How weed can help with workouts, post-recovery and a good night’s sleep
There’s no easy way to lose weight other than sweating it out; cannabis, however, can be a welcome cheerleader. If getting out of the bed, motivated, is proving a struggle, strains such as Durban Poison, Harlequin, Ghost Train Haze and Green Crack, as recommended by Leafly, have a solid track record for fighting fatigue and boosting energy.
“I find cannabis helps me keep a healthy body weight by reducing inflammation and muscle pain; it even helps me recover faster from exercise,” reports Rae. For soothing out raw muscles, Civilized recommends strains such as Sour Diesel, Girl Scout Cookies, Blue Dream and Sweet Kush.
A recent study suggests that “contrary to the belief — that marijuana users who have a serious case of the munchies will ultimately gain more weight — those who smoke cannabis, or marijuana, weigh less compared to adults who don’t.” iStock / Getty Images Plus
Then there are the much-needed Zs, a lack of which is directly associated with obesity. Poor sleep can increase appetite, hunger craving and subsequent higher calorie intake, reports California-based healthline, a privately owned provider of health-related information. “Lack of sleep, in general, makes me feel hung-over and tired the next day. If I am tired, I am more like to seek out food that is high-energy, high-calorie food,” Rae says.
Even though research on sleep and cannabis is still in its early stages, a 2017 study found that CBD might hold promise for REM (rapid eye movement) sleep, sleep behaviour disorder and excessive daytime sleepiness. When it comes to cannabis strains for a good night’s rest, Greencamp recommends Purple Kush, God’s Gift, Grandaddy Purple and MK Ultra.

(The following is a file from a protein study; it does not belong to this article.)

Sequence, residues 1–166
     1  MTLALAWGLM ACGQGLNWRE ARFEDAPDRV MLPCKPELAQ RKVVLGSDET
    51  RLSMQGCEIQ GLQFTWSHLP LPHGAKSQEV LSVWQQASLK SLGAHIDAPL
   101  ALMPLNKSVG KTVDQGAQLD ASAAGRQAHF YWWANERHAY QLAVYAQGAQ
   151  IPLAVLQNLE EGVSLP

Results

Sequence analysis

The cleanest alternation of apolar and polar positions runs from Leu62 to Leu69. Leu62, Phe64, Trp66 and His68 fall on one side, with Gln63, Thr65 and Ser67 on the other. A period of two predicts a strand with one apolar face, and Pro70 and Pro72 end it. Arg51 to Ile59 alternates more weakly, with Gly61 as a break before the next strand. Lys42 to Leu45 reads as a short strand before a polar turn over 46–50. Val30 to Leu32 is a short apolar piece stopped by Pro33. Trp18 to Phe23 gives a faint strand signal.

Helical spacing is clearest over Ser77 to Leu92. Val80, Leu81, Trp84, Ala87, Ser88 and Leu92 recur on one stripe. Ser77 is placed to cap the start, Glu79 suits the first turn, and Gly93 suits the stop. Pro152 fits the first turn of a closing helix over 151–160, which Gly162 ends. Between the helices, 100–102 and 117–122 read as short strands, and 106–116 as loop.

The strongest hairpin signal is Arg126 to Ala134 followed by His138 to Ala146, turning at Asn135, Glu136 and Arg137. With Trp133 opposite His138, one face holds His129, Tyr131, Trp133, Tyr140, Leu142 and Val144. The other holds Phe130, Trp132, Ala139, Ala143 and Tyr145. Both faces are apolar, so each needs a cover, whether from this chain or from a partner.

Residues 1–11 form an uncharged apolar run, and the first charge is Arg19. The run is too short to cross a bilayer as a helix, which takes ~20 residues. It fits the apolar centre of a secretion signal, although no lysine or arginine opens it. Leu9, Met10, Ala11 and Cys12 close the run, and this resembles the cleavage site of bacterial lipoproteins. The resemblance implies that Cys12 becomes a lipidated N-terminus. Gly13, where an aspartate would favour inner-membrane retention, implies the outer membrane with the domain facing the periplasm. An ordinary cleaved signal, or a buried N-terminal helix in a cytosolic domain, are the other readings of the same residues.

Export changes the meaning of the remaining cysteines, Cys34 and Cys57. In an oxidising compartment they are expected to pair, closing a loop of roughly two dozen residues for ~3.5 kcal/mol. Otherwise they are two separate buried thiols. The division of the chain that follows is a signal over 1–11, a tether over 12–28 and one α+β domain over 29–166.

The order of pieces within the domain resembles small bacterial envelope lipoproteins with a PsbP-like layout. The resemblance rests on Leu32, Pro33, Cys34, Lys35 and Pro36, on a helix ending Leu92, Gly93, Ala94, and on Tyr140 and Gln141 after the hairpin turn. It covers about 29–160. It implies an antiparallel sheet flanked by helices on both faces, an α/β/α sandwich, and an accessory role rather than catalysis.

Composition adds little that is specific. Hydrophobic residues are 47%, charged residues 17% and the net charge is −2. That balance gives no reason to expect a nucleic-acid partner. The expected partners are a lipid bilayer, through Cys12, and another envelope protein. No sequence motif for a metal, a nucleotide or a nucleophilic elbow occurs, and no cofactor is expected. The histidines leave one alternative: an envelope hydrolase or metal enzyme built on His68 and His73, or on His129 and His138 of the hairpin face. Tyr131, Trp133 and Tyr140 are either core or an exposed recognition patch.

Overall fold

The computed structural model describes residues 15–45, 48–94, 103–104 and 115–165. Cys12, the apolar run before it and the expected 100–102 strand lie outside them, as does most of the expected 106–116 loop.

How to use THC and still remain fit
THC is one of the many reasons people use cannabis: to get high. But if THC stimulates hunger, does that mean a person should stay away from it? “If I’ve had too much THC in my body, I usually add in CBD,” says Rae. “If I am going to consume a strain that’s high in THC and has very little CBD, I might take some sublingual oil drops of CBD half an hour before to get some CBD in my system to help smooth out the experience.”
From left: Bethany Rae, founder of Flower & Freedom, and Dr. Murdoc Khaleghi, senior medical advisor for Elevate Hemp.
Interestingly, when it comes to weight gain in overweight people, THC doesn’t seem to be a problem. In a 2015 study, adult male DIO (diet-induced obesity) and lean mice were treated daily with THC (two mg/kg for three weeks and four mg/kg for one additional week). THC helped reduce weight in obese mice, but didn’t help the ones that were lean.
“When a person is overweight, their metabolism is actually higher. People don’t realize, but overweight people burn more calories than normal weight individuals. That’s because some of the excess weight, whether it be fat or muscle, is metabolically actively burning calories. A body’s natural tendency is to burn calories from the excess weight and restore to normal weight,” explains Dr. Khaleghi.